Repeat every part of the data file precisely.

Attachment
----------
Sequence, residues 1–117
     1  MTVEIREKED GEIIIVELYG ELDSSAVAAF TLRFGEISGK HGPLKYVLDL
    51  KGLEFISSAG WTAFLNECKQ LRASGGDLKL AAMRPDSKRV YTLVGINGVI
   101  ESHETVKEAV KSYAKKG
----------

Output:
Sequence, residues 1–117
     1  MTVEIREKED GEIIIVELYG ELDSSAVAAF TLRFGEISGK HGPLKYVLDL
    51  KGLEFISSAG WTAFLNECKQ LRASGGDLKL AAMRPDSKRV YTLVGINGVI
   101  ESHETVKEAV KSYAKKG